You’ve no doubt heard of the horror stories people have told about tumble drying jeans and other denim clothing items.
Heat can run the risk of shrinking denim, but is it actually as bad as people say?
And, if you can’t tumble dry jeans, then how else might you dry them effectively?
In general, tumble drying jeans is fine to do. The only thing that you need to be careful with is the temperature setting and the cycle speed. Some shrinking might occur when using a tumble dryer on denim clothing, but it shouldn’t be enough to completely ruin them.
In my other pieces about tumble drying specific items, I also included tips on how best to dry and wash them, so I’ll be doing the same here for jeans.
Tumble Drying Jeans
So, as I’ve said above, you actually can tumble dry jeans, usually without any catastrophic consequences.
The myth was that you should never tumble dry your jeans, or any other denim piece of clothing.
This is because the high temperature inside a dryer has potential to shrink denim. This is actually true, and if you tumble dry your jeans on too high a temperature setting, they can actually shrink.
However, this is not a massive issue for two reasons:
1) It’s easy enough to set your tumble dryer at a lower temperature for drying, reducing the shrinking that can occur, or even preventing it entirely
2) Jeans can become slightly stretched after a few days of wear, as the denim is usually slightly elasticated with some spandex. Tumble drying them in order to shrink them a small amount can actually help regain their shape and fit.
This second point can help with creases as well as getting the jeans back to their original fit.
In fact, the best way to dry your jeans using a tumble dryer is to remove them near the end of the cycle while they’re still slightly damp and pull them into shape, finishing the drying process on a hanger.
It is a good idea, though, to switch up your drying method for you jeans if you’re finding a lot of lint caught in the lint filter after tumble drying.
This indicates that the jeans are getting damaged and worn, so switching up the drying method before the damage gets too severe is a good call.
Speaking of other drying methods, let’s talk about some of them.
Other Methods of Drying Jeans and Other Denim
Just like with other items of clothing, there are a couple of different ways you can go about drying your jeans that don’t involve a tumble dryer.
If your dryer doesn’t let you select a temperature (which sounds pretty unlikely) or you just want to be more cautious about drying your denims, then one of these methods will be good for you.
When drying jeans with any method, it’s important to turn them inside out before you start. This prevents the colour from becoming faded either from heat or the sun.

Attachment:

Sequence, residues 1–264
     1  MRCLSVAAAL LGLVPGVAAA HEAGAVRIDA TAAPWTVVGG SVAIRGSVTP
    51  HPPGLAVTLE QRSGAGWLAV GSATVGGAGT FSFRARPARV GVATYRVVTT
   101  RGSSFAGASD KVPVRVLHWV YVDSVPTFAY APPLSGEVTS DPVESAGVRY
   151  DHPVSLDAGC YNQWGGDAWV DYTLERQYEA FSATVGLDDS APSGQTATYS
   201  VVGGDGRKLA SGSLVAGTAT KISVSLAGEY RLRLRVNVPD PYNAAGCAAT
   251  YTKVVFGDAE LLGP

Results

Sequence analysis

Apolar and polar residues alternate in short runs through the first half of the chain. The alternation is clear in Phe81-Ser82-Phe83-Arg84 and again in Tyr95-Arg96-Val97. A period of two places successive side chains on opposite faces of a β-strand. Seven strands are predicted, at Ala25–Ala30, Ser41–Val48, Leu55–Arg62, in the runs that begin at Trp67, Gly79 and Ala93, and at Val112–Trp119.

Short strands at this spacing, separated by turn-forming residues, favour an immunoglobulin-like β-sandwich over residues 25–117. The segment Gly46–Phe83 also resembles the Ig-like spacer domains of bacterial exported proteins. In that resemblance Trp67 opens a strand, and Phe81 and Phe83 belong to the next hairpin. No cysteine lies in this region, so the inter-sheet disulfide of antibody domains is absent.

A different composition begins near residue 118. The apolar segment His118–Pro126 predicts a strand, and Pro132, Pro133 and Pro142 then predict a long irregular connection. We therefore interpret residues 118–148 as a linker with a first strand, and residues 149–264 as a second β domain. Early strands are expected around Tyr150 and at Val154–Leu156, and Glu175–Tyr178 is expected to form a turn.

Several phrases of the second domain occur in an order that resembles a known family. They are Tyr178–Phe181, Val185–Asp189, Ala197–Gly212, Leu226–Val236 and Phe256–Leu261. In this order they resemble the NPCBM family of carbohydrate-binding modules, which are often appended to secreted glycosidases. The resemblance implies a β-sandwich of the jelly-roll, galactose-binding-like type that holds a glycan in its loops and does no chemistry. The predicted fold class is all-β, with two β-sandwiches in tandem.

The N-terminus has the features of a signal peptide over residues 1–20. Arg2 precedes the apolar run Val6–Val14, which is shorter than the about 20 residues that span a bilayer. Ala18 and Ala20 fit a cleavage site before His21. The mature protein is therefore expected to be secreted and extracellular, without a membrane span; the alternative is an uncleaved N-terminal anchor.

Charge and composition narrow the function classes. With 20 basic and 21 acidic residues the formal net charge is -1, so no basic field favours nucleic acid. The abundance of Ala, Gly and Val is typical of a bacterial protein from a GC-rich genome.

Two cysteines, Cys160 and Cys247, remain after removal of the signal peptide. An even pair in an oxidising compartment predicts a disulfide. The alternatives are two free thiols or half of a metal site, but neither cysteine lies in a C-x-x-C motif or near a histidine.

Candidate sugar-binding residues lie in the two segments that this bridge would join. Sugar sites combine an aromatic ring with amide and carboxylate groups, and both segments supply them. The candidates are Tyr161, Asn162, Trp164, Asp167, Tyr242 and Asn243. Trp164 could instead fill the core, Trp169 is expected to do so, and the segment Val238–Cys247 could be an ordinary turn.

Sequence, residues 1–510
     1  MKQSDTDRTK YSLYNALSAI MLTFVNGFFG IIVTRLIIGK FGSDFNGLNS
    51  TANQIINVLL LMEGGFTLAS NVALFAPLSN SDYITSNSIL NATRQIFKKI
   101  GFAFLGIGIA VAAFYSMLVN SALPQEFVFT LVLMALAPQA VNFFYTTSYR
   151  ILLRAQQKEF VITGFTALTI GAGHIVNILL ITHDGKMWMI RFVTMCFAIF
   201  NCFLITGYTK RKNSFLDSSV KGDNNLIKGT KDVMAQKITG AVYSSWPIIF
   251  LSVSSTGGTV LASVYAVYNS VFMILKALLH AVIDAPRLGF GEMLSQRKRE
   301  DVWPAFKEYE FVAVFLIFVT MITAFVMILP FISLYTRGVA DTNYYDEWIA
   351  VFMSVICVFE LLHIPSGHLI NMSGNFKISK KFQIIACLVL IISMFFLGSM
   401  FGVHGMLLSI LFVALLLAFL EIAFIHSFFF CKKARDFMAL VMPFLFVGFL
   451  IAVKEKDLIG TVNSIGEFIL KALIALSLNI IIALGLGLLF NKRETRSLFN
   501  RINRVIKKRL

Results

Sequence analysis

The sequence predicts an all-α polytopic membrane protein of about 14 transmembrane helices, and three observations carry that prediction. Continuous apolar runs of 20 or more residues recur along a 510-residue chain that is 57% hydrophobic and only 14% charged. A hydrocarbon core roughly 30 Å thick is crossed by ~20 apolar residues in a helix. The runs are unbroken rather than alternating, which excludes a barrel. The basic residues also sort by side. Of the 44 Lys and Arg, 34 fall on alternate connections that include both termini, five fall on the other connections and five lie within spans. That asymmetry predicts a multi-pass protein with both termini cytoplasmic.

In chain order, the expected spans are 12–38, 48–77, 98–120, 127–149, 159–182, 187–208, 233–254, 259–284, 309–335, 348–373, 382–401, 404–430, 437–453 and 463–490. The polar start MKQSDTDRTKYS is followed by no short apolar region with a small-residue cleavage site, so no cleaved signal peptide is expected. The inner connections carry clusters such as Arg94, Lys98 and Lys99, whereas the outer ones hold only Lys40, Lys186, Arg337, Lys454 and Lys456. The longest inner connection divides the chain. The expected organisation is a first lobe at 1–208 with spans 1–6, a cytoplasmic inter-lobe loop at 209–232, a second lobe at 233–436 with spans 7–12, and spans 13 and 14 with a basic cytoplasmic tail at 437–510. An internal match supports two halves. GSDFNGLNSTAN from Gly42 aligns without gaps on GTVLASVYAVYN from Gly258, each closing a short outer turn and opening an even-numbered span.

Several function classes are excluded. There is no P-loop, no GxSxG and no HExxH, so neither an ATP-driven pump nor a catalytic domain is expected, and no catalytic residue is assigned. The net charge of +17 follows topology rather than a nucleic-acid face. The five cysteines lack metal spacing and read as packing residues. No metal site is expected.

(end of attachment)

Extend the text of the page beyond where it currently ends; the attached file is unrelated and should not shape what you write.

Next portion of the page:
Flat drying: This is a way of drying that is the best for avoiding creases and folds.
Laying them on a flat surface with decent air flow, such as a window sill, or a table by an open window will help them dry quicker.
Air drying like this can take a long time, so you could run them at a low heat cycle in the dryer to give them a head start, then lay them flat to get them completely dry and uncreased.
Line drying: This is great if you have a garden or similar outdoor space to hang up your jeans.
Like other methods, it’s best to turn your jeans inside out before doing this.
To avoid unwanted stretching in parts of the jeans, you can clip them to your line from the waistband.
Again, this can take quite a while, at best a couple of hours on a sunny day. You can give them the head start in the dryer as before if you want to speed this process up.
If you happen to shrink your jeans too much with one of your drying sessions (maybe the tumble dryer was too hot or the sun was too much), there is a way that some people swear by to reverse this shrinking.
Known as the “bathtub trick”, it involves wearing your jeans into a lukewarm bath for about an hour. This might sound crazy and uncomfortable (which it definitely is), but the warm water can help stretch the jeans back out and mold themselves to you.
Unfortunately, the way to dry them after this is simply to walk around in the sun, to avoid the same thing happening again.
While many people love this method and are advocates for it, this actually won’t work for the vast majority of jeans.
There is one manufacturer that designs their jeans to “shrink to fit” you so these ones will work in this method. The easiest way, rather than taking a full length bath in your jeans, is to soak them in the bath and put them on after the fact while still damp to dry them to your body.
Tips for Washing Jeans and Other Denim
Now that you’ve seen the best methods for drying your jeans, you can look at some tips for washing them effectively.
Hand washing: This is similar to the bathtub trick for the shrink fitting.
Since denim sometimes needs a delicate touch, hand washing can be one of the best methods for washing.
Soaking your jeans in a bath of lukewarm water with a small amount of detergent can provide them with the gentle washing they need.
Of course, with heavy stains this won’t do the trick. You can scrub certain parts of the jeans that need it, but err on the side of caution.
Small stains can simply be left to fade on their own, as it may not be worth it to scrub and risk damaging the jeans.
Machine washing: When using a washing machine on your jeans, the safest way for your denims is to launder it inside out on a short, colder cycle.
Just like with drying, avoid higher temperatures as much as you can.
So hopefully that’s answered some of your questions about washing and drying denims!
There are a lot of different ideas out there, but as long as you avoid high temperatures and harsh cycles, you should have no problems.
If you need to shrink your jeans slightly back to fit, you can use a slightly higher temperature, but don’t go overboard!
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